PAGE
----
Is it wet or dry in the Netherlands? One of the hundred questions in the exam for migrants from outside the European Union who want to settle in the Netherlands. From now on the exam is obligatory. Newcomers have to report to the Netherlands embassy in their home country where they take the test using voice recognition computer software. If you fail, you don’t get a temporary residence permit. A number of journalists from the Dutch, English, Indonesian and Spanish departments of Radio Netherlands had a go.
What is a typical feature of Dutch traffic? “Bumper-hugging,” grins one of the Indonesian journalists. “No, the answer is bicycles of course,” her Dutch colleague responds.
The questions are about the Dutch language, geography, history, healthcare, the political system, relations between men and women and homosexuality. Is hitting women permitted or an offence?
If you don’t know the answer you can consult the book of exercises issued by the Dutch government. The book also comes with an information film so potential immigrants can prepare for the real exam at the embassy.
The Dutch candidates are pleased to see questions about homosexuality, female circumcision and equality of the sexes. A Sudanese journalist from the Arabic department comments: “In Islamic countries homosexuality is often a punishable offence so it’s good to know this is not the case in the Netherlands”.
“Not that I expect an immigrant from an Islamic country will change his views immediately, that’s far too optimistic an idea. Integration is a process which doesn’t begin until you have somewhere to live and work. But this exam will at least make immigrants aware that the Netherlands has different laws”.
The exam is part of the integration policy of Immigration and Integration Minister Rita Verdonk. She believes it is important that newcomers are fully aware of Dutch norms and values, which is why integration should start in the country or origin, such as Turkey or Morocco.
Critics say the exam is an extra barrier to deter further immigration of marriage partners. Most young people from the second generation of Turkish and Moroccan immigrants still prefer a partner from their parents’ land of origin.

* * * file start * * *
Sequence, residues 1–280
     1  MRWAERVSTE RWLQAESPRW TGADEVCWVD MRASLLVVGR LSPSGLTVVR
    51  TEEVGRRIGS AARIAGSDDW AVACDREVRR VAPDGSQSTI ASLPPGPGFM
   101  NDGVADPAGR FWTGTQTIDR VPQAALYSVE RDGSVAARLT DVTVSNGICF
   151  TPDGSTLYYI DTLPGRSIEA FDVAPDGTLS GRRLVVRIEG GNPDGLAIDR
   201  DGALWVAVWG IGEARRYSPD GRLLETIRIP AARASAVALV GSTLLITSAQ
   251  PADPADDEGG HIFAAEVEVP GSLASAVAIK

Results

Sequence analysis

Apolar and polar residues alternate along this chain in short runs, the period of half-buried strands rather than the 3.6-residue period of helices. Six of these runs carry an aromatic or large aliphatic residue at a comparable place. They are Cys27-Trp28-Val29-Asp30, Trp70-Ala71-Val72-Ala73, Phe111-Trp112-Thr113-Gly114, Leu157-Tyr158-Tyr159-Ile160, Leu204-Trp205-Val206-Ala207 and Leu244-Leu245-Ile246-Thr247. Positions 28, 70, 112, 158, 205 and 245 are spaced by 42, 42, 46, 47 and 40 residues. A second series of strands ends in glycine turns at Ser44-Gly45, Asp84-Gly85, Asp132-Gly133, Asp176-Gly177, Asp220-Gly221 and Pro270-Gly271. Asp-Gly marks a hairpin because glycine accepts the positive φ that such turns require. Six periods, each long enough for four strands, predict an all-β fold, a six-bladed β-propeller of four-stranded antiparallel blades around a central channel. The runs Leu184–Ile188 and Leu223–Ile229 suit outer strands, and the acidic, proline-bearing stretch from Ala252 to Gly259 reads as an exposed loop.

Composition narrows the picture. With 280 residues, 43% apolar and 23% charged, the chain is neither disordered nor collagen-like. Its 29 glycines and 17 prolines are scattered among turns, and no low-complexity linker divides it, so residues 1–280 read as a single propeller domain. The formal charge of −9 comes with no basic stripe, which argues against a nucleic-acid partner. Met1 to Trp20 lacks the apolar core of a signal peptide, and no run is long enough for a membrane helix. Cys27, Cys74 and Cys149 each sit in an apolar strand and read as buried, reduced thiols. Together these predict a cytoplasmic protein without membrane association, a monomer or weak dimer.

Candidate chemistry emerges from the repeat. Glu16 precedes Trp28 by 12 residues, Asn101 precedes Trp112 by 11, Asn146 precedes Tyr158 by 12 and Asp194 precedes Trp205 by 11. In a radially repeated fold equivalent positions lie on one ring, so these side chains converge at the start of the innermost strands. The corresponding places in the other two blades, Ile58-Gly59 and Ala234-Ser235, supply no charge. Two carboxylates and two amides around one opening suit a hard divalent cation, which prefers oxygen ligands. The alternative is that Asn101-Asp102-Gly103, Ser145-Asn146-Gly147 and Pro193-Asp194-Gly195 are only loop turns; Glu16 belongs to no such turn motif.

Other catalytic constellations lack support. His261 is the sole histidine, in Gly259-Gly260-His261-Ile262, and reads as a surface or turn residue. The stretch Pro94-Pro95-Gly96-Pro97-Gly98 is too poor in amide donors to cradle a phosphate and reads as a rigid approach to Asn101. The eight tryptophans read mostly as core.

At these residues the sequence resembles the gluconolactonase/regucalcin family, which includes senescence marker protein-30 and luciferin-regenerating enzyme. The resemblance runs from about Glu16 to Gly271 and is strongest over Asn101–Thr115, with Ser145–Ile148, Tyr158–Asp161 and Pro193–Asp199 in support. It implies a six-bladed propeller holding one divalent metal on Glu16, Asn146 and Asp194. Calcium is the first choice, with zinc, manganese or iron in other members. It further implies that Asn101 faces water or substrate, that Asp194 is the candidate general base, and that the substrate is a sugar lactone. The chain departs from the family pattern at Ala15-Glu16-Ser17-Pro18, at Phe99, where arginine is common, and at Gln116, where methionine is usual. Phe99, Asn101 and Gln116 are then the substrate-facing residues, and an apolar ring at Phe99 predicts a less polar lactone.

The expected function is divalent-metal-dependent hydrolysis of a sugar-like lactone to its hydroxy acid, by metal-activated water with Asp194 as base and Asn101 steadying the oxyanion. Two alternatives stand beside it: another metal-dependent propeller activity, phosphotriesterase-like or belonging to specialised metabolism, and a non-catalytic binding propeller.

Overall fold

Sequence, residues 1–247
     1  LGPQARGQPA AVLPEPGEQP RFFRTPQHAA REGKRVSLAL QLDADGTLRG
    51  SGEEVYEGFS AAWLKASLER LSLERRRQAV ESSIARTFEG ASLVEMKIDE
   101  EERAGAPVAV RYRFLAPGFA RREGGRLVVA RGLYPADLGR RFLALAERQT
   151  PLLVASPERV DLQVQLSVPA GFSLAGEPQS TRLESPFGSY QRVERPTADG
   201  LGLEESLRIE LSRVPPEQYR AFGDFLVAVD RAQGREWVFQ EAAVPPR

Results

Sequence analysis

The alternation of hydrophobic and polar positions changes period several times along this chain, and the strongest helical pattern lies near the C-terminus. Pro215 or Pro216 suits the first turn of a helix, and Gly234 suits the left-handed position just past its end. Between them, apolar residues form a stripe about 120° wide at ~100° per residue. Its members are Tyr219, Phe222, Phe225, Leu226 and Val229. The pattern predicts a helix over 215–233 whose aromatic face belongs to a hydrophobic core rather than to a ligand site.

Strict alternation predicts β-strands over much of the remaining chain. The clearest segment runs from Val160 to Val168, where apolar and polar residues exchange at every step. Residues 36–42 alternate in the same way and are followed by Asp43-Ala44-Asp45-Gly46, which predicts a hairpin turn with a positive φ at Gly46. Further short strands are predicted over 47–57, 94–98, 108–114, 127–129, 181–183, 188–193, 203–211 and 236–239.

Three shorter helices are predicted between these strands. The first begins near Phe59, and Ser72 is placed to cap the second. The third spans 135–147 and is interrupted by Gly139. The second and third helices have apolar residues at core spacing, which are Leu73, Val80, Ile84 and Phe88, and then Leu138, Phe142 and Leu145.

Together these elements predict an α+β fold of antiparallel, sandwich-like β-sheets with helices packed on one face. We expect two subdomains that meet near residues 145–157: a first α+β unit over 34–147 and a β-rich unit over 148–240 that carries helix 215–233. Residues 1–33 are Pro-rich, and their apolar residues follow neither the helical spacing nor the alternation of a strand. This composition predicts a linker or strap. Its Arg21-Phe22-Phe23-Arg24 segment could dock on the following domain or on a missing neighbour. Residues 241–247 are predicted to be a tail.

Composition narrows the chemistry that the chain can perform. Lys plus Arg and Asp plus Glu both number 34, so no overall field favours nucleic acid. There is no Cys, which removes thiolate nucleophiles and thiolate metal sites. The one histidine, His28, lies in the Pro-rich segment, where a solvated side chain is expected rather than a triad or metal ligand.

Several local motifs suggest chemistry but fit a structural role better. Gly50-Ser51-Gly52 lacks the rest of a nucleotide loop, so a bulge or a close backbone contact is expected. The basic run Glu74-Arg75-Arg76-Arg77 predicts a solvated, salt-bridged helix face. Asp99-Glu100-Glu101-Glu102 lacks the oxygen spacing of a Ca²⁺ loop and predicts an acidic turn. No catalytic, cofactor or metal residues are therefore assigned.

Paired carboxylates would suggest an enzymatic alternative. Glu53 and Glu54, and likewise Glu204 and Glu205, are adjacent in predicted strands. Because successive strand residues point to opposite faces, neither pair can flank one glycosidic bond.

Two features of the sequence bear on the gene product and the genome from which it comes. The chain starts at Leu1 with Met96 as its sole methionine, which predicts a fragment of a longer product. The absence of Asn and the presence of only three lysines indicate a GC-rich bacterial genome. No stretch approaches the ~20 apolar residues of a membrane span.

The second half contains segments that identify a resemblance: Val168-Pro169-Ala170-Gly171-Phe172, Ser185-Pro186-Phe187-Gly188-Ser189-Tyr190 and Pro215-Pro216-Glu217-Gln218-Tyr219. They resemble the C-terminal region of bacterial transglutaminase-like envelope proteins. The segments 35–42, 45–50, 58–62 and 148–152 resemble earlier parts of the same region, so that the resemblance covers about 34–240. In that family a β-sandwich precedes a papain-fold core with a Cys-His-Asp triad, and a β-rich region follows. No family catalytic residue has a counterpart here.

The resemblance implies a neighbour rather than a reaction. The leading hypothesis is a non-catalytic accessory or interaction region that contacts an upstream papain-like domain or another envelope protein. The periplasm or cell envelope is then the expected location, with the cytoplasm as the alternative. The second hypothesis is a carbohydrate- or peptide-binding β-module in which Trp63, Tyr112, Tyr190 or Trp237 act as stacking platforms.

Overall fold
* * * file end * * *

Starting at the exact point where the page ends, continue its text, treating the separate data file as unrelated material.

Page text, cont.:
What is the most important law in the Netherlands? “I’ve no idea,” sighs a journalist from Costa Rica. He checks with a colleague from the English department. “The constitution?” she wonders. “When I arrived in this country all I knew about Holland was cheese and smurfs,” adds the Spanish candidate jokingly, “You know, those little blue men”. He thinks would-be immigrants will find the questions pretty tough.
It doesn’t matter if you can’t read or write, beause the system uses voice recognition software. You do have to speak clearly, though. When the computers were being tested they could not always deal with strange accents and correct answers were marked wrong. Apparently the system has been improved since then and is now foolproof.
The journalists find some of the questions a little patronising. Are birthdays celebrated in the Netherlands? “That’s up to the person in question,” says the Indonesian candidate. Is life in the Netherlands expensive or cheap?
“Well, that depends where you come from, a developing country or a western country,” the Dutch journalist points out. She reads out the next question: When should you look for work, as soon as possible or later? “Obviously they want you to answer: as soon as possible”.
Even though there are some strange and patronising questions, the Dutch journalist thinks they give a good picture of Dutch society and are not too difficult. There’s one question she doesn’t know the answer to: Do you have to take your driving test again once you’re in the Netherlands?
If you fail the test at the Netherlands embassy, you won’t get a temporary residence permit. However, you can try again as many times as you like, as long as you pay. Each attempt costs 350 euros and the book of exercises is 65 euros. If you are successful, you are still obliged to continue with language lessons and integration course after you arrive in the Netherlands.
For more information: www.radionetherlands.nl